Looking back at the most tragic of player–the “what might have been”
So you think you know your LOOGYs, do ya? Have you explored the Primordial LOOGY Ooze? Didn’t think so. Come on, gear up. We’re goin’ in.
Okay, so they weren’t very good. But they were, almost certainly, the most peculiar team of all time.
We’re witnessing the exploits of some of history’s best pitchers. But look who is lurking in the shadows.
Steve finds that fateful fork in the road, at which Dave Kingman missed the sign to Cooperstown, and headed off for Mudville instead.
Studes uses Win Shares to rank the biggest deals in baseball history.
Had enough of musclebound, steroid-fueled behemoths this offseason? Well, here’s a story about a little man with a big bat.
Gleeman decides if Tony Oliva deserves to be in the Hall of Fame.
What if Teddy Ballgame had never missed a game due to military service? Or Joe DiMaggio? Or Hank Greenberg or Johnny Mize? Or anyone else? Find out here, in exquisite detail!
We complete the saga of what might have been the most talented team ever to win nothing. If Hemingway had concocted a baseball story, it probably would have gone something like this.
On August 12, 1987, Doyle Alexander was traded for minor leaguer John Smoltz. Fans of both teams have said they’re pretty happy with this trade. Should they be?
A look back at the life and times of Detroit Tigers ace Tommy Bridges.
It’s Chapter Two in the three-part tale of the team that rode quite a roller coaster. Leo the Lip is now at the controls: hang on tight!
Thanks to some observant readers, we found an error in our Win Shares Trading Balance Sheet, and we have re-calculated the results. Surprisingly, there are new teams at the top and bottom of the charts; can you guess who they are?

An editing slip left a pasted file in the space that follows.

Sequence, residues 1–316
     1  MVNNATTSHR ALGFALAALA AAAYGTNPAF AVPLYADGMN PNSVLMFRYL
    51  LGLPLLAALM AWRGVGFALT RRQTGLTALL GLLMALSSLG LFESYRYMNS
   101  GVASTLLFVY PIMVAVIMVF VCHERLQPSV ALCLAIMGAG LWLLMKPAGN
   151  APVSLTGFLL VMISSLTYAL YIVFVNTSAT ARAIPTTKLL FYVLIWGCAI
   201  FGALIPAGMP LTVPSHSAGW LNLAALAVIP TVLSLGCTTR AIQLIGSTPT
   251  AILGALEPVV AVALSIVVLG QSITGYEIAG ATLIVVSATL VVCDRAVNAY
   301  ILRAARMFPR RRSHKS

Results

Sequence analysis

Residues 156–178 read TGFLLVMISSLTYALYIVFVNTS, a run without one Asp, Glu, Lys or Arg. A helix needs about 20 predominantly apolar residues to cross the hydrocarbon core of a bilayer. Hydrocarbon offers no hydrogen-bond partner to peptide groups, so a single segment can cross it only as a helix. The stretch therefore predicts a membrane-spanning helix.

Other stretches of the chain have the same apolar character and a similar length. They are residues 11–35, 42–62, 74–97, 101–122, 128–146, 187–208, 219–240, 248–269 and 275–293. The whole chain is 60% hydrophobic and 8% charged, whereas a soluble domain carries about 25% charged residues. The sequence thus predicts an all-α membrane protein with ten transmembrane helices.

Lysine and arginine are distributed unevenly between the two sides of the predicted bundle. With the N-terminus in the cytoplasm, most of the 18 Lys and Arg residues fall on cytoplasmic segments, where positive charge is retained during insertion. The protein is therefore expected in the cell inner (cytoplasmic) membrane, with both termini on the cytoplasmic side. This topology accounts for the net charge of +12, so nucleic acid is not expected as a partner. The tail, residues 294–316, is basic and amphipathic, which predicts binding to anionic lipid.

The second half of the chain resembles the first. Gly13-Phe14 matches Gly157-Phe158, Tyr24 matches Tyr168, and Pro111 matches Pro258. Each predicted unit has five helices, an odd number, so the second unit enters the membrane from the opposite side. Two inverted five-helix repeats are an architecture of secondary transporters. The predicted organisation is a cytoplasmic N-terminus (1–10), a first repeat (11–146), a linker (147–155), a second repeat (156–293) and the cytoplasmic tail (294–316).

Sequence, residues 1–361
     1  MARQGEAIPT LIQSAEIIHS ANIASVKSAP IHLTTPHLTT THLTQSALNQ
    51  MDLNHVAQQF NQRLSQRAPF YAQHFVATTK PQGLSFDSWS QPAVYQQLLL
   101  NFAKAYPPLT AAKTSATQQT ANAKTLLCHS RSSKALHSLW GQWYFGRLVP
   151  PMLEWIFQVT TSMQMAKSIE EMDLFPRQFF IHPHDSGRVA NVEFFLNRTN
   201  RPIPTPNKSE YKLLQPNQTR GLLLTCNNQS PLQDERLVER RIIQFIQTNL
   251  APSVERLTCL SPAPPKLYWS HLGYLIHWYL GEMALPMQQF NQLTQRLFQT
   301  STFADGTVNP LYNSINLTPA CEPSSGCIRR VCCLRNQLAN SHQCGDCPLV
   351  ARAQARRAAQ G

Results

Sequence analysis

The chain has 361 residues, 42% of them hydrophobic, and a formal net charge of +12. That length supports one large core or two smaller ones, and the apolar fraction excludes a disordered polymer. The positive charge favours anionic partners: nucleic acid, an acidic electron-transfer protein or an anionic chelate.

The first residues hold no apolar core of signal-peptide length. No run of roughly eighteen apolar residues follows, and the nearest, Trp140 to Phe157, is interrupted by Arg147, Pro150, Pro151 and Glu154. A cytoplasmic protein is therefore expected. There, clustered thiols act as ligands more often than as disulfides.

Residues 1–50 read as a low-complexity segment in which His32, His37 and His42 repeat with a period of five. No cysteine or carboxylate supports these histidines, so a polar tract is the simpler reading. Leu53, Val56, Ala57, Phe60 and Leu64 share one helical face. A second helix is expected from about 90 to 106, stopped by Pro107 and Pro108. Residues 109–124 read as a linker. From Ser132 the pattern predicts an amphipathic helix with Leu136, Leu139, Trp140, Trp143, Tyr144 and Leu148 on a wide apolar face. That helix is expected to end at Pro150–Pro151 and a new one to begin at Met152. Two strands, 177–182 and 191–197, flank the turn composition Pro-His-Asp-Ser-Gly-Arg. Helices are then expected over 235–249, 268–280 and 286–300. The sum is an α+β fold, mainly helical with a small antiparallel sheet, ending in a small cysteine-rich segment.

By using Win Shares to evaluate every trade in baseball history, we’ve determined which teams have the best and worst trading records of the expansion era. This is just the first in a series of articles covering MLB’s past trades.
In the first installment of a three-parter, Steve chronicles the saga of the Chicago Cubs in one of the most interesting (though not ultimately successful) periods of their long history. Extra bonus points if you can keep track of all of the “head coaches.”
A look back at one of baseball’s finest — and most well travelled — pinch hitters
Del Pratt and Larry Doyle. Tilly Walker and Cy Williams. George Burns and George Burns. (No, not that George Burns.) They’re all here! Check your spitter at the door and come on in.
Steve takes a close look at the decade of the 1910s, and the transition between the Deadball and live ball eras. We see that there were quite a number of dazzling hitting performances obscured by spit, slime, scratches, and stains.
Brian examines the history of the Angels and their many names.